ADVERTISEMENT

You've likely heard by now that the presidential election may pivot on the unlikely "controversy" of birth control.

This is the latest trope to evolve from a campaign that is already two years too long. A conspiracy-minded person might imagine that this faux battle over reproductive rights was designed to distract from other more pressing concerns and to demonize -- or would that be angelize? -- Republicans who, we're also told, want to turn back the clock to the 1950s.

What manna for Obama to have the nation riveted on birth control in these economically challenging times. What lucre to have women on his side against those time-warped white guys who want to keep their women pregnant and confined to quarters. What a cherry on top that the two Republican front-runners look like they just stepped out of a large TV cabinet, circa 1957 -- slicked-back hair and sweater vest provided by central casting.

The problem, as with so many convenient narratives, is that it ain't quite so.

The leading role in this narrative is Rick Santorum, the surger in chief, who is now being characterized as a Neanderthal throwback for his personal belief that man should not interfere in the natural cycle of life, no matter how inconvenient the results. This includes not only opposition to abortion and embryonic stem cell research, but also to artificial birth control.

It is easy to pound Santorum, and no one makes it easier than Santorum himself. He has never met a question he wouldn't answer or a combatant he wouldn't engage. Thus, when a reporter asks whether he thinks states should be able to ban birth control, Santorum says yes, but

HEADLINE!!! Santorum says states should be able to ban birth control!!!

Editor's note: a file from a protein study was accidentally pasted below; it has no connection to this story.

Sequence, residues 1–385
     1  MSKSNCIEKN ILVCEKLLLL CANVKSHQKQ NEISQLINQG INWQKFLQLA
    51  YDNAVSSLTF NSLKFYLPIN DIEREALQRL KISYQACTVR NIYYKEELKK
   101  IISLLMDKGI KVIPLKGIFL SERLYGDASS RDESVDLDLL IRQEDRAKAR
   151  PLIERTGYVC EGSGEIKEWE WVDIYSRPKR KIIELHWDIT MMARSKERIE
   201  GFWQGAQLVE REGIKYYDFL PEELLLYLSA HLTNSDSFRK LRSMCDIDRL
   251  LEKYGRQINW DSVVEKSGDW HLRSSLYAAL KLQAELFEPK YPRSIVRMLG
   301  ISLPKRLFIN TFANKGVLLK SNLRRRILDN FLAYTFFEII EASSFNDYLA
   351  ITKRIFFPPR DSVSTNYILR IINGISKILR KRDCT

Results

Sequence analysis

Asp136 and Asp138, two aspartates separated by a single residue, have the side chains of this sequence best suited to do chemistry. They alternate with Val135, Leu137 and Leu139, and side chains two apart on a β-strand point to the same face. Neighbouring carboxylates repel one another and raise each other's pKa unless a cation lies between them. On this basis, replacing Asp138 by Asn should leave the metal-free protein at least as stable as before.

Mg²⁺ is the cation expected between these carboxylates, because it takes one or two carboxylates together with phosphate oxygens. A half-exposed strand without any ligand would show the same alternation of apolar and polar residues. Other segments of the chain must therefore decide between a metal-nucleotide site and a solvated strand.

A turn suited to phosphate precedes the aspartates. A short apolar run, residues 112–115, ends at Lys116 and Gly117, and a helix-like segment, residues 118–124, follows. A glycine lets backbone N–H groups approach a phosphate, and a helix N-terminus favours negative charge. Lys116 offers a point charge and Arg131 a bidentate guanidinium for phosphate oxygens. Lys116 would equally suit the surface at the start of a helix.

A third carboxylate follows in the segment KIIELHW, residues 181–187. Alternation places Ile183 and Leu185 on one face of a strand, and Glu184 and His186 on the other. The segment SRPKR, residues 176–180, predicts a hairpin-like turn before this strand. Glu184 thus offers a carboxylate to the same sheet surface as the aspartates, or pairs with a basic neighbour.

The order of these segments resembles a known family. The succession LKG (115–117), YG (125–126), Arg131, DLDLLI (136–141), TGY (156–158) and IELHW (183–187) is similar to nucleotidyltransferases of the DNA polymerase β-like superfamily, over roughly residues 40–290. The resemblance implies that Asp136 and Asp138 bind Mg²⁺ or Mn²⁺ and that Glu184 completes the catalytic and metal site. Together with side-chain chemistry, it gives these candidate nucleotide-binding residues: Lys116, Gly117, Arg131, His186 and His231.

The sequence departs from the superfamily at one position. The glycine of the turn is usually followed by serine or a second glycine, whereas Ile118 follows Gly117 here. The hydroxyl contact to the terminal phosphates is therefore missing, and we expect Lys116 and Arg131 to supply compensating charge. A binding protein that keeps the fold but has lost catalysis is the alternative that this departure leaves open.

Except that's not what he meant, nor is it what he intends. Santorum was expressing a legal opinion, and his answer was within the context of whether states have any regulatory jurisdiction over the question. He has said repeatedly that he does not support banning contraceptives and that he would oppose any such efforts.

This should come as no surprise if one understands Santorum's worldview. Everything stems from his allegiance to the Catholic Church's teachings that every human life has equal value and dignity. The church's objection to birth control is based on concerns that sex without consequences would lead to men reducing women "to being a mere instrument for the satisfaction of [their] own desires," as well as abuse of power by public authorities and a false sense of autonomy.

Within that framework, everything Santorum says and does makes sense, even if one doesn't agree. When he says that he doesn't think the government should fund prenatal testing because it leads to abortion, this is emotional Santorum, father of a disabled child and another who died hours after birth. In both instances, many doctors would have recommended abortion, but Santorum believes that those lives, no matter how challenging, have intrinsic value.

Though Santorum's views are certainly controversial, his biggest problem isn't that he is out of step with mainstream America. His biggest problem is that he lacks prudence in picking his battles and his words. The American people are loath to elect a preacher or a prophet to lead them out of the desert of unemployment. And they are justified in worrying how such imprudence might translate in areas of far graver concern than whether Santorum doesn't personally practice birth control.